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Former soccer star discusses how lung cancer changed her athletic career and new initiatives to spread awareness

iStock/Thinkstock(NEW YORK) -- Taylor Bell Duck grew up shifting, making cuts, and changing directions on the soccer field.

A star athlete in high school, Duck was taking the next step on her athletic journey as she was on her way to play Division 1 soccer at East Carolina University. Once she went to college, however, her life shifted in a different direction.

Health became an issue for Duck. She experienced numbness in her feet and recurring pneumonia, which forced her to quit soccer before graduating. She later had surgery on a collapsed lung and medical experts determined she had lung cancer.

Cancer-free nine years later, Duck is now balancing life as a wife and full-time graduate student all while holding a full-time job. She has also partnered with the pharmaceutical company Merck on a new initiative called Your Cancer Game Plan to help spread awareness about lung cancer. She recently spoke with ABC News about her experience and involvement with her new initiative

Duck admits she hardly understood lung cancer when she was first diagnosed, saying, "I thought that only smokers and older people got this disease, but what I've learned since through my diagnosis this disease is touching more and more people, and particularly never-smoking individuals."

She calls lung cancer is a "highly stigmatized" disease because it can affect any person, even a young, non-smoking individual like herself. She says that stigma also affects people who may have smoked for a portion of their lives. They may feel guilty about approaching a medical professional so to avoid being chastised for their life choices.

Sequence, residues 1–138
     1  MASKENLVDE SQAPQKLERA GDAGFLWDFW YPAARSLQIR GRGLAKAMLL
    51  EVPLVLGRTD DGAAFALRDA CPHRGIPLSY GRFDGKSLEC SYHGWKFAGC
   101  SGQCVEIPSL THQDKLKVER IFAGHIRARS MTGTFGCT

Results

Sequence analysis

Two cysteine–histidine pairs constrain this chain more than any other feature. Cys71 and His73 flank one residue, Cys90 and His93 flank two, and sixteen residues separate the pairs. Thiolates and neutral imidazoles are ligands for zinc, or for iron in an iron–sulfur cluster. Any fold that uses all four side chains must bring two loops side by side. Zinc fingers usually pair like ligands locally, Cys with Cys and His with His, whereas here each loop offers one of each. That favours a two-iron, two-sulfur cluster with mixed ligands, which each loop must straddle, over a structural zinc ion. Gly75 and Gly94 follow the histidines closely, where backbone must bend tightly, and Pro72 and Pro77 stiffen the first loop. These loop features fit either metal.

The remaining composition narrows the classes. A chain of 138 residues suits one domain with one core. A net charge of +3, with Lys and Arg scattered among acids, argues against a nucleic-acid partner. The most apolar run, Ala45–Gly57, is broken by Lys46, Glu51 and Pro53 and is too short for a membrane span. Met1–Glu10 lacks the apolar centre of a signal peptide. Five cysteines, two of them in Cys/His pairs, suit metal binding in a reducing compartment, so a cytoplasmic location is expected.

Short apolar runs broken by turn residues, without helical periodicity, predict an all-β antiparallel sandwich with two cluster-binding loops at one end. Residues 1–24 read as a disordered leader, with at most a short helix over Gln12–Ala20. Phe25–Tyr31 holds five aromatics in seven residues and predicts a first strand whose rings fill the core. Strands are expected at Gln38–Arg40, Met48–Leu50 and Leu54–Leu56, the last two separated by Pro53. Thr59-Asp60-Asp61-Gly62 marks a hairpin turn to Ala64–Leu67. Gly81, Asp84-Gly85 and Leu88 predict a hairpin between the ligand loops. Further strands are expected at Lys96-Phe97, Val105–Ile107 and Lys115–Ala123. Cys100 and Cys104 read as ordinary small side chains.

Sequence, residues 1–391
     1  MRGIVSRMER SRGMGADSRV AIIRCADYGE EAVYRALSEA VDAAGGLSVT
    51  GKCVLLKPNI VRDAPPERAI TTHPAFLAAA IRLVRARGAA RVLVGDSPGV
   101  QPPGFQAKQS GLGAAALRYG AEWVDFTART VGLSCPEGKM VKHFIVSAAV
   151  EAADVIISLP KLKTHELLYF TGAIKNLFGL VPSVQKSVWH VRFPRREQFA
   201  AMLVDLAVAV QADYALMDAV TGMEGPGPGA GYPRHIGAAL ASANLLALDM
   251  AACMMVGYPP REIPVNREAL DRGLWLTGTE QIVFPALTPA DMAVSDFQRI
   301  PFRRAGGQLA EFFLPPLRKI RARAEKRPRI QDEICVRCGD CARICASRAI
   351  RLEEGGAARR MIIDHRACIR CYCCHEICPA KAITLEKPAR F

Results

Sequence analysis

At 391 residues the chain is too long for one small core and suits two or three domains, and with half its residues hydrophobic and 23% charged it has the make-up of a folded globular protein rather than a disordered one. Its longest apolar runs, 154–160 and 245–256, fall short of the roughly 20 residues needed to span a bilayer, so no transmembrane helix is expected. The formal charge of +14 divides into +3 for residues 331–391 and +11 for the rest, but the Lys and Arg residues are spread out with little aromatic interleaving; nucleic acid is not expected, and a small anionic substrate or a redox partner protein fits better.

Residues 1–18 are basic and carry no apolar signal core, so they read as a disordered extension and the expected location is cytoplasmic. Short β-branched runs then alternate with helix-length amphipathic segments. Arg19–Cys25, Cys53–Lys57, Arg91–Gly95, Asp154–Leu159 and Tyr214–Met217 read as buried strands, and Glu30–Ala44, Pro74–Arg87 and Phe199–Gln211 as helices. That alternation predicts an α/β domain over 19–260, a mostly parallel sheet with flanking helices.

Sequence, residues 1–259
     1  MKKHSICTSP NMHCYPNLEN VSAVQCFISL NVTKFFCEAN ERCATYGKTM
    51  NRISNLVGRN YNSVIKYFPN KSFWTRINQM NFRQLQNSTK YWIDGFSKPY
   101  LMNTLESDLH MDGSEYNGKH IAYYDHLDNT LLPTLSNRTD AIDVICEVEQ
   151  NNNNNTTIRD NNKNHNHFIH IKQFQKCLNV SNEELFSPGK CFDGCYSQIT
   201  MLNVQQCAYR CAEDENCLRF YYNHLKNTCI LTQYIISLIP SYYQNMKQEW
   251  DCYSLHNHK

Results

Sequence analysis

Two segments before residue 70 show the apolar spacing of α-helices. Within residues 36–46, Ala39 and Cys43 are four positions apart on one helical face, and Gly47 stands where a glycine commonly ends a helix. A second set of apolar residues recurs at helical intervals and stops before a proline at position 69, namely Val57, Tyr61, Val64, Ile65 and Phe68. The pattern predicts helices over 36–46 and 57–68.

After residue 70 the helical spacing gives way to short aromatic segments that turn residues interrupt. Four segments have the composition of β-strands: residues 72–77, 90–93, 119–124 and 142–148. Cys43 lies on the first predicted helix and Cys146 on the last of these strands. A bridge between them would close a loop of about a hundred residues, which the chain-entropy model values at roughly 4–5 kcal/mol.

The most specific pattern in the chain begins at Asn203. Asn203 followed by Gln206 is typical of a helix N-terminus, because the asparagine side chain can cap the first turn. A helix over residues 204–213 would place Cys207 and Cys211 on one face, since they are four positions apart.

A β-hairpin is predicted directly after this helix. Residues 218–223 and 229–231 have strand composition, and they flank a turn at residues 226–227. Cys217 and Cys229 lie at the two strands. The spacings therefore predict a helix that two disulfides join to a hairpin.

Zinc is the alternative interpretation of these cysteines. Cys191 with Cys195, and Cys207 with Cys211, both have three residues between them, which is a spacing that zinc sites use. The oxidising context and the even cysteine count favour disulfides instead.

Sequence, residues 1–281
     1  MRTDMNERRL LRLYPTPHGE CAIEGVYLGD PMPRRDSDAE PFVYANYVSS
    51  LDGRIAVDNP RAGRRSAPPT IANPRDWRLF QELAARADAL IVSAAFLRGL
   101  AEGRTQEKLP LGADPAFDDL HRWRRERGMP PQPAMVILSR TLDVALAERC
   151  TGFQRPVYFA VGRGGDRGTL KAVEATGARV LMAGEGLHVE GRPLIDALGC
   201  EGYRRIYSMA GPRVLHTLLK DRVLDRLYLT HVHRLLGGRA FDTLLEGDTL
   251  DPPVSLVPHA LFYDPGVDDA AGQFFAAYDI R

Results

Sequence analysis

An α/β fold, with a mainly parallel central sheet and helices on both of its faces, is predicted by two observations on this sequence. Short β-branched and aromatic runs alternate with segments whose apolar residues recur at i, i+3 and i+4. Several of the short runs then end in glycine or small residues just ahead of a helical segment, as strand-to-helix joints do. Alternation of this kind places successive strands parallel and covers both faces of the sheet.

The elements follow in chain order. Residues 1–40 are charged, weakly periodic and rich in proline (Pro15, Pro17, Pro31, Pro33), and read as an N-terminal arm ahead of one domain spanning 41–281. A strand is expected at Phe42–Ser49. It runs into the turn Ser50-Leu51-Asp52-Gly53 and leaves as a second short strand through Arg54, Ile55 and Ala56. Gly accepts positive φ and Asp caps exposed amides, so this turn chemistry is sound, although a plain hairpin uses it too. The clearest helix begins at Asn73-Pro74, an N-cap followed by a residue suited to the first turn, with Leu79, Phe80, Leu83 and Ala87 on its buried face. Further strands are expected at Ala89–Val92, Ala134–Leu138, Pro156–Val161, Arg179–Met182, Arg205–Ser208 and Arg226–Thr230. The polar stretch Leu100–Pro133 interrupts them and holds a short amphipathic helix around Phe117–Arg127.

Through Your Cancer Game Plan, she outlines three pillars people can follow to help them through their lung cancer battle and work to end the stigma associated with the disease.

Duck discusses are healthy eating, emotional well-being, and open communication in a set of short videos on the website.

Duck told ABC News her sister was a source of emotional support during her cancer battle, and she learned it was important to be open and communicative with her doctor to push to find the underlying causes to her recurring symptoms.

She also encourages those who may feel guilty about approaching a doctor to reach out because they will try to provide the necessary care to combat a disease before it could get worse.

Your Cancer Game Plan initially launched with a focus on head and neck cancer and melanoma. Now, it offers resources to anyone who is affected by lung cancer.

Duck shares his own story and talks further about the strategies that helped her beat cancer on

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